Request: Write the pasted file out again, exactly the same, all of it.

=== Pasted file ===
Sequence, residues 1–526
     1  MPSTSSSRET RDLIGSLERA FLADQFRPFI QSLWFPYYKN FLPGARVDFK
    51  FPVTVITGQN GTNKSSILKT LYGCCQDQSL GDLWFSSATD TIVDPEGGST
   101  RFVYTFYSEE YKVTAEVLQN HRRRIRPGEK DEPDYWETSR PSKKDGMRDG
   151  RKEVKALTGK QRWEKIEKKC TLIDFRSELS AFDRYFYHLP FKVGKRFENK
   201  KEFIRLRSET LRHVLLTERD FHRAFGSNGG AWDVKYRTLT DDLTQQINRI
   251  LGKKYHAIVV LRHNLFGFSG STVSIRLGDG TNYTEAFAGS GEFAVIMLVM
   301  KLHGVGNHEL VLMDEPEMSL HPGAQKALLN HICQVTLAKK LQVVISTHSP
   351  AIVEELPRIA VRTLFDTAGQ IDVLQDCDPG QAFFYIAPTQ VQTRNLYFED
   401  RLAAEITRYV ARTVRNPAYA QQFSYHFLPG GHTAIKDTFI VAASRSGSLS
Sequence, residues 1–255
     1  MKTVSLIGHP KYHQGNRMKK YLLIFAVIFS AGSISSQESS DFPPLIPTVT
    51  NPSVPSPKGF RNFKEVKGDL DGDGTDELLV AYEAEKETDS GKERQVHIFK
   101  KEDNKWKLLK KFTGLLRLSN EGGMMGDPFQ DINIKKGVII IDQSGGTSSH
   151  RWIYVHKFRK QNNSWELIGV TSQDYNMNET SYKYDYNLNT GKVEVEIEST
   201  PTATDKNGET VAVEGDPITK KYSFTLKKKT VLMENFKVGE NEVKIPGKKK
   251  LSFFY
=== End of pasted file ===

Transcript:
Sequence, residues 1–526
     1  MPSTSSSRET RDLIGSLERA FLADQFRPFI QSLWFPYYKN FLPGARVDFK
    51  FPVTVITGQN GTNKSSILKT LYGCCQDQSL GDLWFSSATD TIVDPEGGST
   101  RFVYTFYSEE YKVTAEVLQN HRRRIRPGEK DEPDYWETSR PSKKDGMRDG
   151  RKEVKALTGK QRWEKIEKKC TLIDFRSELS AFDRYFYHLP FKVGKRFENK
   201  KEFIRLRSET LRHVLLTERD FHRAFGSNGG AWDVKYRTLT DDLTQQINRI
   251  LGKKYHAIVV LRHNLFGFSG STVSIRLGDG TNYTEAFAGS GEFAVIMLVM
   301  KLHGVGNHEL VLMDEPEMSL HPGAQKALLN HICQVTLAKK LQVVISTHSP
   351  AIVEELPRIA VRTLFDTAGQ IDVLQDCDPG QAFFYIAPTQ VQTRNLYFED
   401  RLAAEITRYV ARTVRNPAYA QQFSYHFLPG GHTAIKDTFI VAASRSGSLS
Sequence, residues 1–255
     1  MKTVSLIGHP KYHQGNRMKK YLLIFAVIFS AGSISSQESS DFPPLIPTVT
    51  NPSVPSPKGF RNFKEVKGDL DGDGTDELLV AYEAEKETDS GKERQVHIFK
   101  KEDNKWKLLK KFTGLLRLSN EGGMMGDPFQ DINIKKGVII IDQSGGTSSH
   151  RWIYVHKFRK QNNSWELIGV TSQDYNMNET SYKYDYNLNT GKVEVEIEST
   201  PTATDKNGET VAVEGDPITK KYSFTLKKKT VLMENFKVGE NEVKIPGKKK
   251  LSFFY